Anne Arundel school officials first looked for a company to conduct a system-wide safety and security assessment last summer. They asked for proposals. They interviewed applicants. Then they called the whole thing off. Too expensive in tight budget times, they said.
Now, with a more recent contract for the same assessment drawing criticism, school officials are acknowledging that money was not their only consideration in canceling the initial solicitation. School Superintendent Eric J. Smith said last week that the evaluation of the bidders was improper.
Of particular concern, Smith said, was that two of the three people on the bid selection committee were related: J. Mark Black, school system security chief, and his wife, Diane, then a building administrator.
One of the bidders now says he complained about that issue in mid-August, before the solicitation was ended, and again in an Aug. 30 letter. "It just didn't pass the public integrity smell test," the bidder, Kenneth S. Trump of the firm National School Safety and Security Services in Ohio, said in an interview.
Drawing criticism now, from school board member Michael J. McNelly and a group of parents, is the $395,000 contract awarded in February, for the same services. That contract, $175,000 of which will be paid from a federal grant the schools received in September, was not reviewed by the board before the staff awarded it to the National Institute for School and Workplace Safety of Florida. District policies are not explicit on when board review must occur, Smith has said.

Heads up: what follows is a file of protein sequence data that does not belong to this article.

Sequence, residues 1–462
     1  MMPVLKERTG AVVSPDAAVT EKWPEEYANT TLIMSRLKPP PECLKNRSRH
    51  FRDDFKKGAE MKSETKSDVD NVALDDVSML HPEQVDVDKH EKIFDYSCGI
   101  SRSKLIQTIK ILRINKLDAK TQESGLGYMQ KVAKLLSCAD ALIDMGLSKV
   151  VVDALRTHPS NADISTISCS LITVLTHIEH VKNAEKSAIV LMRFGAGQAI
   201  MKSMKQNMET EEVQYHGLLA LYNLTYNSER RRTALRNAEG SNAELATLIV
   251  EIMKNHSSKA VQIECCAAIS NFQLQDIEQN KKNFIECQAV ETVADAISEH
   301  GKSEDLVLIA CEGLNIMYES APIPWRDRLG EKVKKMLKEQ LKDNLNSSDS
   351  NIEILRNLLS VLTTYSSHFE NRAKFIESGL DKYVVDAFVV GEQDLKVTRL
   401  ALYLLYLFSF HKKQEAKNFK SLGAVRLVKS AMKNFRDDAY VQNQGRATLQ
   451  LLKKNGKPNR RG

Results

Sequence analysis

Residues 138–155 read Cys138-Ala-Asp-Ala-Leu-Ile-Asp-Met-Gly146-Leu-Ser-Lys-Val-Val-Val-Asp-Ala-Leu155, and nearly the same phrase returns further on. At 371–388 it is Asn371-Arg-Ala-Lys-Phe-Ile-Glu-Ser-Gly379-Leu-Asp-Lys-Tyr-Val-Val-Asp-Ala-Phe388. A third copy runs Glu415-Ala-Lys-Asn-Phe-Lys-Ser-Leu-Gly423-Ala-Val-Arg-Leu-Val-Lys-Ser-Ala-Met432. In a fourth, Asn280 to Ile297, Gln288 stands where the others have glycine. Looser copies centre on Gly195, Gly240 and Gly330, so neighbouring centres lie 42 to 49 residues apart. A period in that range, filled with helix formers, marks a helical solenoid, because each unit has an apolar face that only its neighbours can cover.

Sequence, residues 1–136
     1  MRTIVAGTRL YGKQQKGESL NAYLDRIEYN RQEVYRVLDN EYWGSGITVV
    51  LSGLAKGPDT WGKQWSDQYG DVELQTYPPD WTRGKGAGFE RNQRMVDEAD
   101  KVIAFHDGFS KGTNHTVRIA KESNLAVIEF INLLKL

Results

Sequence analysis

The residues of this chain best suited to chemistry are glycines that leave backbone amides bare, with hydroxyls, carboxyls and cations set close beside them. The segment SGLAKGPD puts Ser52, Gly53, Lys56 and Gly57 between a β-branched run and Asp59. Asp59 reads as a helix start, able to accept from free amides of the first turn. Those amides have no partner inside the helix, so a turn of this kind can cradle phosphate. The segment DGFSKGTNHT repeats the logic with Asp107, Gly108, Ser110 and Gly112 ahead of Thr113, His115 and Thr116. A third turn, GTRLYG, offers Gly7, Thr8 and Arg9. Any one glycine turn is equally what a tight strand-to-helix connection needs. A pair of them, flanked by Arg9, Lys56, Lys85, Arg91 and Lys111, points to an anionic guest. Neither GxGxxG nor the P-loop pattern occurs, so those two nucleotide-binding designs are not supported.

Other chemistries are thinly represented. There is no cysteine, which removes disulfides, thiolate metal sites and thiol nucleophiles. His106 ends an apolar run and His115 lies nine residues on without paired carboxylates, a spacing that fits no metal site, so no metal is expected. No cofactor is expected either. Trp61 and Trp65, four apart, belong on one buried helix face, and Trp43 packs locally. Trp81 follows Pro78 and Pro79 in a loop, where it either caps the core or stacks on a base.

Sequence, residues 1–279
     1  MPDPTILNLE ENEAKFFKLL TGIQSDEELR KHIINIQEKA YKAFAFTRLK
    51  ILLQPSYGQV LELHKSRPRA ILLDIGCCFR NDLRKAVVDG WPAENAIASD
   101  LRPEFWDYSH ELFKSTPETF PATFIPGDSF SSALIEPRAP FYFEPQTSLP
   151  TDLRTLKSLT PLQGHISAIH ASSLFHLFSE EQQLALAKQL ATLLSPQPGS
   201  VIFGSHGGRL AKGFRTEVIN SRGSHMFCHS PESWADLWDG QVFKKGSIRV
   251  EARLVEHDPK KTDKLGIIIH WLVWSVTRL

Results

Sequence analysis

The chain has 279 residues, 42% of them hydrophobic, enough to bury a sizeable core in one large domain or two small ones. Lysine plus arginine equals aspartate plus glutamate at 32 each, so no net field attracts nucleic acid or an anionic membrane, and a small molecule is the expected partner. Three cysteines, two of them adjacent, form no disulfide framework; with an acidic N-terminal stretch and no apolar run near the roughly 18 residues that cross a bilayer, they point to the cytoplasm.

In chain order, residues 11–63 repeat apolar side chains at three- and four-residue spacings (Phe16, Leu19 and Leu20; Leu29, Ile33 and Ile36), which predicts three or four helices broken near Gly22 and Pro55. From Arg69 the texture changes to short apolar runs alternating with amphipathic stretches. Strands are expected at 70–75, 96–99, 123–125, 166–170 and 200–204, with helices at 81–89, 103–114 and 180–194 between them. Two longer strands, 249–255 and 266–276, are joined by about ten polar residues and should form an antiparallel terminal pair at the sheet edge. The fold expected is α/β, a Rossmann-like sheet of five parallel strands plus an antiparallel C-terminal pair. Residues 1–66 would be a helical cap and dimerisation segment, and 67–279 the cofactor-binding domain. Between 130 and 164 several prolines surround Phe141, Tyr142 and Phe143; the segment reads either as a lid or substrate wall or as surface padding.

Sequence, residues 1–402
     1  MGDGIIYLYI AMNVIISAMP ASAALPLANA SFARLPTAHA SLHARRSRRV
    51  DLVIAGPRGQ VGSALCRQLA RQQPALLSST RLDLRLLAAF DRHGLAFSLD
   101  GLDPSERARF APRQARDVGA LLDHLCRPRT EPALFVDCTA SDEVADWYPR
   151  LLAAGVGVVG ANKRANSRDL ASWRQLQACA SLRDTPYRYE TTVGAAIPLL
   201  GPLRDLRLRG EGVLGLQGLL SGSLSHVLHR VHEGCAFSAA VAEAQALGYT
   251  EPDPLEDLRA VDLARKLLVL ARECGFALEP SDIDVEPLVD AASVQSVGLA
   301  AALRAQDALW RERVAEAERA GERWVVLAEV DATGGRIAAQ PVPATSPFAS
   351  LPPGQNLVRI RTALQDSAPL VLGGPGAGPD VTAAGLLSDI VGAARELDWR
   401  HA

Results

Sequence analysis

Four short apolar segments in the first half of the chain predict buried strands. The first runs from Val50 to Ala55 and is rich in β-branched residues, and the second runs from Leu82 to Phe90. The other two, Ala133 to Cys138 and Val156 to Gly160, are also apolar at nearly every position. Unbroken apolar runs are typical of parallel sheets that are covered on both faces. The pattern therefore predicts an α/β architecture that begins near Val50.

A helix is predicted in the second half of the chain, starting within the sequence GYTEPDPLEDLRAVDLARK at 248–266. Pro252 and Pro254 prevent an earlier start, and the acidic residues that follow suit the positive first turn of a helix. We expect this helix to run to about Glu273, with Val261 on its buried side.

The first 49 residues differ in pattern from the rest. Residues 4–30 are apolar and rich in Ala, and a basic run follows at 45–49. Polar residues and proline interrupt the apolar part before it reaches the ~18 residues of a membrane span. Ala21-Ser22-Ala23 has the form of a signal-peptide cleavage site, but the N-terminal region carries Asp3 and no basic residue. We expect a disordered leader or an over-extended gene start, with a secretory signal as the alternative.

The director of the Florida company, Wolfgang W. Halbig, said in interviews that he met J. Mark Black at a conference in Washington before the school system asked for proposals last summer. The two also spent a day together in Florida discussing a hotline program that Halbig's firm markets, he said. But Halbig said his firm did not gain any edge in the bidding process as a result.
School system staff have been directed not to publicly discuss the matter, and messages left for Black last week were not returned.
Smith has asked for an outside review of the contract and said it would go beyond a recent, more limited review by the schools' outside lawyer and auditor. "We're going to investigate this inside out with everybody involved," Smith said.
The Florida company's proposal made it the second-lowest bidder, after the Reston-based Systech Group's $238,000 bid. Documents show that the selection panel relied heavily on technical judgments rather than cost, and Halbig's firm won on the strength of its experience and specific proposal.